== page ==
Born in Dunedin on 4 May 1911, the son of James Sinton, a butcher, and his wife, Louisa Matilda Hellyer, Walter James Sinton was educated at Albany Street School and Otago Boys’ High School. For the first 10 years after leaving school he worked in his father’s butchery. He played cricket, rugby and tennis, was an amateur boxer of note, and jogged with the athlete Jack Lovelock, who lived nearby. In 1936 he took up a job as salesman in the Dunedin firm of Charles Begg and Company, which sold pianos and musical goods. On 20 May 1939 at Dunedin he married Margaret Veda McMurray. The couple were to have three children.
Over the next 35 years Walter Sinton filled various executive positions in Charles Begg and Company. He became manager of the Timaru branch around 1940 and was later sent to open and manage a new branch in Palmerston North. In 1944 he was appointed assistant to the general manager at head office in Dunedin, and in 1952 he became manager of the Dunedin branch. In 1969 he took on the additional responsibility of zone supervisor of the Otago, North Otago and Southland areas. He bought the Dunedin branch in 1971.
From the time, as a four-year-old, he marched with the Albany Street school band, beating a kerosene tin drum with a pair of meat skewers, music was the driving force in Walter Sinton’s life. A percussionist, he played drums, timpani and the xylophone for both professional and amateur theatre companies. During the New Zealand and South Seas International Exhibition of 1925–26 he played percussion with the 3rd Artillery Combination and with Les Napier’s Trumpet and Bugle Band. In later years he was a percussionist with the 4th Regimental (Red Coats) Military Band. However, he was best known as a xylophonist and was guest soloist at concerts throughout New Zealand. From 1927, when performers before the microphones wore dinner suits and evening dresses, Walter Sinton was a xylophone soloist on national radio. He recorded with his His Master’s Voice, Viking and Decca, and was one of the first instrumentalists in New Zealand to present a series of programmes on television. In September 1977 he recorded a special jubilee programme to celebrate his 50 years in broadcasting.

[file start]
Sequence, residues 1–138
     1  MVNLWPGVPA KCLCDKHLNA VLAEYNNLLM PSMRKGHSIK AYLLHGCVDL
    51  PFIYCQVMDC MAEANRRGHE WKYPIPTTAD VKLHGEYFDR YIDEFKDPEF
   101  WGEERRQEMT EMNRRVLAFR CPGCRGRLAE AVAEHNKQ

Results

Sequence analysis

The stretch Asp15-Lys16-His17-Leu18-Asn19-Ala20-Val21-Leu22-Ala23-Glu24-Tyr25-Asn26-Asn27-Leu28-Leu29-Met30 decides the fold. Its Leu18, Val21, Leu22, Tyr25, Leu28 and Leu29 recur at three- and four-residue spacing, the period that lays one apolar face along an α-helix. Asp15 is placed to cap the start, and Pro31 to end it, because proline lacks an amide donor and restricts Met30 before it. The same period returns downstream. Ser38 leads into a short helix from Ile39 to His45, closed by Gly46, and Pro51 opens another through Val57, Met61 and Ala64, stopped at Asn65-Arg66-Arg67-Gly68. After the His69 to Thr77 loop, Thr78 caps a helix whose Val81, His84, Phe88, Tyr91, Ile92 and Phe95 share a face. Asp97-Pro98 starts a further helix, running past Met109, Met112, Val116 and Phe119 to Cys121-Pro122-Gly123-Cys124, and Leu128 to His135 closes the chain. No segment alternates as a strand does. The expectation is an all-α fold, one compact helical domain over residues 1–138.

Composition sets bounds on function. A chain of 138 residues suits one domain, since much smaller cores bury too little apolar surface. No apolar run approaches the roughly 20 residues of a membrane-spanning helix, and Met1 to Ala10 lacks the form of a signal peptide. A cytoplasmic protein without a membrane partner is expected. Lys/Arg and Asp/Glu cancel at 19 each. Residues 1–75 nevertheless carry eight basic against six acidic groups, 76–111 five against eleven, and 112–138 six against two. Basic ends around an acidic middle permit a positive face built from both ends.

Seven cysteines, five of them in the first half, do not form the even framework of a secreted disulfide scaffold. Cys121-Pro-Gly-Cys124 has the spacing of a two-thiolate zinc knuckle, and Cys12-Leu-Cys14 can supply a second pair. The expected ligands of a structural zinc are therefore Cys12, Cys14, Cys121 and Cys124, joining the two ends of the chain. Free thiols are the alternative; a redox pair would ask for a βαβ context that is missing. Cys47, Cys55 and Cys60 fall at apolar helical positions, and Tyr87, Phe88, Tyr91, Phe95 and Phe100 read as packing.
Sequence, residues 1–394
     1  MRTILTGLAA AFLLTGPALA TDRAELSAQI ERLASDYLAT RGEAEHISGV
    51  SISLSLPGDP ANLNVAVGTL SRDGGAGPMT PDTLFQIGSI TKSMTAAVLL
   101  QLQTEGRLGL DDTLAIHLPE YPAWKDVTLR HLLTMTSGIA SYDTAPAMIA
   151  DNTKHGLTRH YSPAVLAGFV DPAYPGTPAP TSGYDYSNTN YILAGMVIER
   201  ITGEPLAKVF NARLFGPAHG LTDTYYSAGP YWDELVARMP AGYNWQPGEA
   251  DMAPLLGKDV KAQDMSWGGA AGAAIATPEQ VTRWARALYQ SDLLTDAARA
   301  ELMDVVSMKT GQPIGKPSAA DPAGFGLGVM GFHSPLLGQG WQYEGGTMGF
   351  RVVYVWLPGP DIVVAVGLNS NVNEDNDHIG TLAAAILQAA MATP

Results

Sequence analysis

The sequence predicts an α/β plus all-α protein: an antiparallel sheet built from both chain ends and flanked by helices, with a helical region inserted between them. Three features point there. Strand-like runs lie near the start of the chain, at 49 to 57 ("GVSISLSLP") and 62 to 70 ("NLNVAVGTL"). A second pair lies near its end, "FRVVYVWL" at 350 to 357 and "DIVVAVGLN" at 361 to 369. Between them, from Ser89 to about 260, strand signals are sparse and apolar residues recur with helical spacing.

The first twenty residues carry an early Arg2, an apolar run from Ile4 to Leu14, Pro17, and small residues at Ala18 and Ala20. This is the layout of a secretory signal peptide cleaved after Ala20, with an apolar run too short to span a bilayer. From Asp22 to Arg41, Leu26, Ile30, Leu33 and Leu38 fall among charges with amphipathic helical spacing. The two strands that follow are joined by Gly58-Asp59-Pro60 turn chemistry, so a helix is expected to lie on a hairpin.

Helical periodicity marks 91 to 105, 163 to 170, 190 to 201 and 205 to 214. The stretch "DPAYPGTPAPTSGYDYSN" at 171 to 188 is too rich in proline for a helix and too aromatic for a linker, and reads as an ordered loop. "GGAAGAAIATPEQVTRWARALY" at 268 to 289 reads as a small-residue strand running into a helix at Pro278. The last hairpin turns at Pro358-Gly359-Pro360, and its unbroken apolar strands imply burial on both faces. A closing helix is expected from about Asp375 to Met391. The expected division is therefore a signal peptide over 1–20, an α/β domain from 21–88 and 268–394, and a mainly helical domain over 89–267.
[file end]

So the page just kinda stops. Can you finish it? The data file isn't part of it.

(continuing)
Walter Sinton had a lifelong association with the brass band movement in New Zealand. He toured the country with the New Zealand champion band of 1965, the Roslyn Mills Kaikorai Brass Band, and made several overseas tours with the National Band of New Zealand as a xylophone soloist. He was secretary and a member of the Kaikorai Brass Band. Between 1952 and 1962 he judged the percussion section at several national brass band championships and wrote the test pieces for each of them.
He had other interests. An authority on the history of theatre and music in Dunedin, he wrote a series of articles on the subject for the Evening Star. In the 1940s he arranged New Zealand tours for famous entertainers such as Australian baritone Peter Dawson, the Greek soprano Angela Parselles, pianist Lettie Keyes, and singers Anne Ziegler and Webster Booth. He wrote a musical and played a major part in establishing the Dunedin Civic Orchestra. He was a Rotarian, a life member of the Dunedin Operatic and Dramatic Society, and an accomplished raconteur and after-dinner speaker.
Walter Sinton died at Dunedin on 2 December 1980, two years after the death of his wife. A man of impressive bearing and always immaculately dressed, he was a southerner through and through and used his talents generously to enhance Dunedin’s business and musical life.